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Divisional Round – Houston Texans v Kansas City Chiefs
Patrick Mahomes (left) of the Kansas City Chiefs and Deshaun Watson (right) of the Houston Texans following the AFC divisional playoff game at Arrowhead Stadium on Jan. 12 in Kansas City, Missouri. They will play each other again on Thursday. Tom Pennington/Getty Images
NFL

Patrick Mahomes, Deshaun Watson and the NFL’s new beginning

The era of the Black quarterback is officially underway

The symbolism is powerful, marking the end of the NFL’s first 100 years and the beginning of its next. When the Super Bowl champion Kansas City Chiefs play host to the Houston Texans in the league’s curtain-raiser Thursday night, superstar quarterbacks Patrick Mahomes and Deshaun Watson will share the spotlight. As the late, iconic musical artist and civil rights activist Nina Simone would say, oh, to be young, gifted and Black.

Nothing in the NFL occurs because of happenstance, and by pairing Kansas City and Houston in the season’s kickoff matchup, the league’s top decision-makers have acknowledged the obvious: The era of the Black quarterback is officially underway. Mahomes and Watson are the best and brightest of a new wave of spectacularly talented and unapologetically Black passers who laid the groundwork last season for what will come, achieving more collectively in one season than their predecessors — a historically marginalized group that faced impediments of systemic racism as well as would-be tacklers in a league that turned 100 on Aug. 20 — had accomplished in any of the preceding 99 years.

Last season, Mahomes, at 24, became the youngest player to have both a Super Bowl title and a league MVP award. This season, Watson is among the leading contenders, if not the top one, for Mahomes’ belt. He’s a wizard whether working from the pocket or on the move.

Together, the two friends, who were both drafted in 2017 and turn 25 this month, also sit atop the NFL’s salary chart.

During the offseason, the Chiefs and Texans rewarded Mahomes and Watson, respectively, with record extensions. Among all NFL players, Mahomes is alone in the top spot. Watson occupies second place.

Eventually, accomplished Dallas Cowboys passer Dak Prescott figures to receive a massive multiyear extension as well, either from his current employer or another. Baltimore Ravens signal-caller Lamar Jackson, the reigning Associated Press NFL MVP, is building a strong case to have big paydays in his future. Likewise for Arizona Cardinals quarterback Kyler Murray, last season’s AP Offensive Rookie of the Year. Don’t be surprised if they all take significant steps forward this season.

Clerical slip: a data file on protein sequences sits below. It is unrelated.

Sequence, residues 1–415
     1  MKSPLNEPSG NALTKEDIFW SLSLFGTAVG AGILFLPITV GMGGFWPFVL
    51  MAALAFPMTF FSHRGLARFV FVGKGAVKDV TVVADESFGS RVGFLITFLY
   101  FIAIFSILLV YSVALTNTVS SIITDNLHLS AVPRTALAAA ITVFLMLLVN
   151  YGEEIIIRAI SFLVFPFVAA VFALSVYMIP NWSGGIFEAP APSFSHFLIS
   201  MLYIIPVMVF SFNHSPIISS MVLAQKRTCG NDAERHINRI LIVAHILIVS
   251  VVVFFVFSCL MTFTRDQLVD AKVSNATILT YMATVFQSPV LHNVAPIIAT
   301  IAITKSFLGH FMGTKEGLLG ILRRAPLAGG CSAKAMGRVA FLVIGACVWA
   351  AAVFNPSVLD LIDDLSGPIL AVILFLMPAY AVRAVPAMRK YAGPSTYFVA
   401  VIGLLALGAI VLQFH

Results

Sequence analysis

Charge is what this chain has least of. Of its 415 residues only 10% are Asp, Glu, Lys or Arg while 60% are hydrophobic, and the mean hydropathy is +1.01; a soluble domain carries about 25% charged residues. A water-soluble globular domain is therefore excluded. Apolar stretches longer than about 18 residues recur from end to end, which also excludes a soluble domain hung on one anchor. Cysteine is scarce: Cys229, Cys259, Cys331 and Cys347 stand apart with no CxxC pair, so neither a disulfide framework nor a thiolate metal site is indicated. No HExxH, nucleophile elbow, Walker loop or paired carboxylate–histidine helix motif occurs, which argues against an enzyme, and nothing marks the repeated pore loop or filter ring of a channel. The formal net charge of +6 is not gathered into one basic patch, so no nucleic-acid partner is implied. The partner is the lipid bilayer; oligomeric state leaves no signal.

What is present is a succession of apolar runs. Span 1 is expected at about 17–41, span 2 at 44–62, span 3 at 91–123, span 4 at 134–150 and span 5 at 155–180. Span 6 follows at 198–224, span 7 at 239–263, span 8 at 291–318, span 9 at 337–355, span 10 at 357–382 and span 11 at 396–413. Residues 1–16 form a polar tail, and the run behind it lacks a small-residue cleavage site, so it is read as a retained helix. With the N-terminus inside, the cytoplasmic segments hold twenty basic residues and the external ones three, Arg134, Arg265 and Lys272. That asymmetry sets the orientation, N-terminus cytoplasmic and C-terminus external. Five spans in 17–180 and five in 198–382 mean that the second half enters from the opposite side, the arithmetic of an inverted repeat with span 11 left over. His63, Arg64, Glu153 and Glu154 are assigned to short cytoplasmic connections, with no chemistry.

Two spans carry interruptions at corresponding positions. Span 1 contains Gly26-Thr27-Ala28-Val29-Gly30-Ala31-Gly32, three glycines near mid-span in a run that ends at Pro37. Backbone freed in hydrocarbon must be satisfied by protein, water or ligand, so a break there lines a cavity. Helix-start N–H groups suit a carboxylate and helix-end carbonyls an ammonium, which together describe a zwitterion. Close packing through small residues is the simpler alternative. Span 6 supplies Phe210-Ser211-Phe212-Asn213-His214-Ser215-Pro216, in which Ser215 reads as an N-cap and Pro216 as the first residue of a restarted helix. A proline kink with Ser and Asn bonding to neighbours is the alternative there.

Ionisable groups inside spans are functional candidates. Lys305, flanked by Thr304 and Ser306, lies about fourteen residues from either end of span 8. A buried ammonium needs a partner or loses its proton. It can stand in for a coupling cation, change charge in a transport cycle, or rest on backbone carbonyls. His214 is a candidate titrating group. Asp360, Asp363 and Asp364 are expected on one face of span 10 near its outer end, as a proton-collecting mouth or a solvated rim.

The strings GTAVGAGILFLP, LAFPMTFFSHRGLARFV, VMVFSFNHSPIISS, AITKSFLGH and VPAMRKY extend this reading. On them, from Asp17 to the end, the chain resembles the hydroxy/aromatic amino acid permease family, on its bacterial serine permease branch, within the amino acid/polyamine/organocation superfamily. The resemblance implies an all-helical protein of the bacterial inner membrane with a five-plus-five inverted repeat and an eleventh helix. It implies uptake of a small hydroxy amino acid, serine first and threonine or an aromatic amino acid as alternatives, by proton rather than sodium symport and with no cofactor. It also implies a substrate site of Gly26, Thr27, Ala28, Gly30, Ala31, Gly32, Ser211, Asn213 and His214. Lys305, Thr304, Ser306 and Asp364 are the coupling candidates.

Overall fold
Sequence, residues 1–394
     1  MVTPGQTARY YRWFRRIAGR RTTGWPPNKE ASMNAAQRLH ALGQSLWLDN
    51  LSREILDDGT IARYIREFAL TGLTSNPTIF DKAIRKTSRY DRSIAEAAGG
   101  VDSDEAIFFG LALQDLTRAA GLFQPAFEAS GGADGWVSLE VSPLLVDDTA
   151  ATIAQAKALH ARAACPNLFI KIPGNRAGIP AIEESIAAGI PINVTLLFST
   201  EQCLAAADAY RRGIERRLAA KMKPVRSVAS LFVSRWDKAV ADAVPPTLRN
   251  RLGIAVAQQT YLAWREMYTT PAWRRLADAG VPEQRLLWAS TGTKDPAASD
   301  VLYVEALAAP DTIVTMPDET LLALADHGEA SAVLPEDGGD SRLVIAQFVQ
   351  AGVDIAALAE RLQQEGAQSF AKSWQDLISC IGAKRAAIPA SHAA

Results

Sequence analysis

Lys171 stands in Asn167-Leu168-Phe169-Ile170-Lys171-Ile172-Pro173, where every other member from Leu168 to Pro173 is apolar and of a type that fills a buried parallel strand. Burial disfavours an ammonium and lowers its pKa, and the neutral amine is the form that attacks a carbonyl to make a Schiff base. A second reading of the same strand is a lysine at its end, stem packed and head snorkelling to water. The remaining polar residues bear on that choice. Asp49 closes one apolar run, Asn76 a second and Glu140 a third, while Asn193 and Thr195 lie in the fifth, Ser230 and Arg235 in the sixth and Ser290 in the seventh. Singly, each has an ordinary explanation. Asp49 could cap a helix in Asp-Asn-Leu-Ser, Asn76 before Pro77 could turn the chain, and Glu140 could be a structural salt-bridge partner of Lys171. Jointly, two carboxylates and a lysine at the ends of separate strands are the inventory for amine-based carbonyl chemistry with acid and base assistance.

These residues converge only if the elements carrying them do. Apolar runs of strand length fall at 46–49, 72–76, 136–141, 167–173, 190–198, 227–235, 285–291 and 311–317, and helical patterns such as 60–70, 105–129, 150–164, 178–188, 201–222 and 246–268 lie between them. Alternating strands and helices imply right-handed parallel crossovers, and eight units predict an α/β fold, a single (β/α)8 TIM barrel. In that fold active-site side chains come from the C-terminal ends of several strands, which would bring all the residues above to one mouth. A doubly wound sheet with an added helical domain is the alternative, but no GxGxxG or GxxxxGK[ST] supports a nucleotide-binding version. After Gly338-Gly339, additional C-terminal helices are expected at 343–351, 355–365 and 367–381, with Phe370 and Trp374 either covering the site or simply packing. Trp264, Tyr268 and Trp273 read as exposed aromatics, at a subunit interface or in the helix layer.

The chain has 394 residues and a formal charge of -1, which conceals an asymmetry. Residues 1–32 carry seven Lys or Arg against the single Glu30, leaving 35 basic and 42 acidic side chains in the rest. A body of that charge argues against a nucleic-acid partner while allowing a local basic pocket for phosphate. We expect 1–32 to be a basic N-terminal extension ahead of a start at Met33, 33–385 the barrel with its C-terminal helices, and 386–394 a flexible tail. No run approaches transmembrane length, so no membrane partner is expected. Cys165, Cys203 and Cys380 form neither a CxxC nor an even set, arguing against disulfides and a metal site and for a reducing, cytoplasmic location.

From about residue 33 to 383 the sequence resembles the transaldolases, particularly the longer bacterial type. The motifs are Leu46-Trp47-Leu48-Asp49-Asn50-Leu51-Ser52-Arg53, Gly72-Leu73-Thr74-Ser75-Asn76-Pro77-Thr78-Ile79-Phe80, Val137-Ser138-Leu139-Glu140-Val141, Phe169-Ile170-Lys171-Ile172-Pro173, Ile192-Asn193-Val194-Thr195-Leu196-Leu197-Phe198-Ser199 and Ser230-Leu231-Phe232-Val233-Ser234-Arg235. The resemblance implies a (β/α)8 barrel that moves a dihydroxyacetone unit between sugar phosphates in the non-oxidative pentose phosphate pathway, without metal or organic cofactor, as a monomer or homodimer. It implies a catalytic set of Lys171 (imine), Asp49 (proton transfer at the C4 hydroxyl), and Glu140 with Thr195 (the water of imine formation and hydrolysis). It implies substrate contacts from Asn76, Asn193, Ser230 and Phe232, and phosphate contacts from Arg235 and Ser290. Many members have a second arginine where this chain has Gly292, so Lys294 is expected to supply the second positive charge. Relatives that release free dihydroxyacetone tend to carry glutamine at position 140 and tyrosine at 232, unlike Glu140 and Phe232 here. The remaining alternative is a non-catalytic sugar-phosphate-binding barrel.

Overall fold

Russell Wilson, the dean of the group, is still as good as it gets for the Seattle Seahawks, and it wasn’t that long ago his contract was second to none. And former Carolina Panthers star Cam Newton, the second Black passer to win the AP MVP award, begins anew with the New England Patriots under head coach Bill Belichick.

On Thursday, though, Mahomes and Watson will have the stage to themselves.

They delivered quite the show in last season’s AFC divisional playoffs, with Watson and the Texans sprinting to a 24-0 lead on Kansas City’s home field before Mahomes led a stirring rally that resulted in a 51-31 Chiefs rout.

Like many across the nation that day, Doug Williams watched the duel play out on television. The first Black quarterback to both start in a Super Bowl and win the game’s MVP award, Williams is proud of Mahomes and Watson — and eager to see what mountains they’ll climb next.

“You’re not talking about two wily veterans, you’re talking about two of the youngest quarterbacks in the game, and the fact they’re doing what they’re doing is really something,” Williams, an executive with the Washington Football Team, said on the phone recently. “The league has them in this game because they’re two of the best, and that’s important for a whole lot of people to see.”

Especially now.

Athletes have played a central role in the ongoing national discussion about systemic racism ignited by the killing of George Floyd at the hands of police back in May, as well as several other recent fatal encounters between Black people and law enforcement, or those believing they were empowered to act in such a capacity. Mahomes and Watson have left no doubt about where they stand.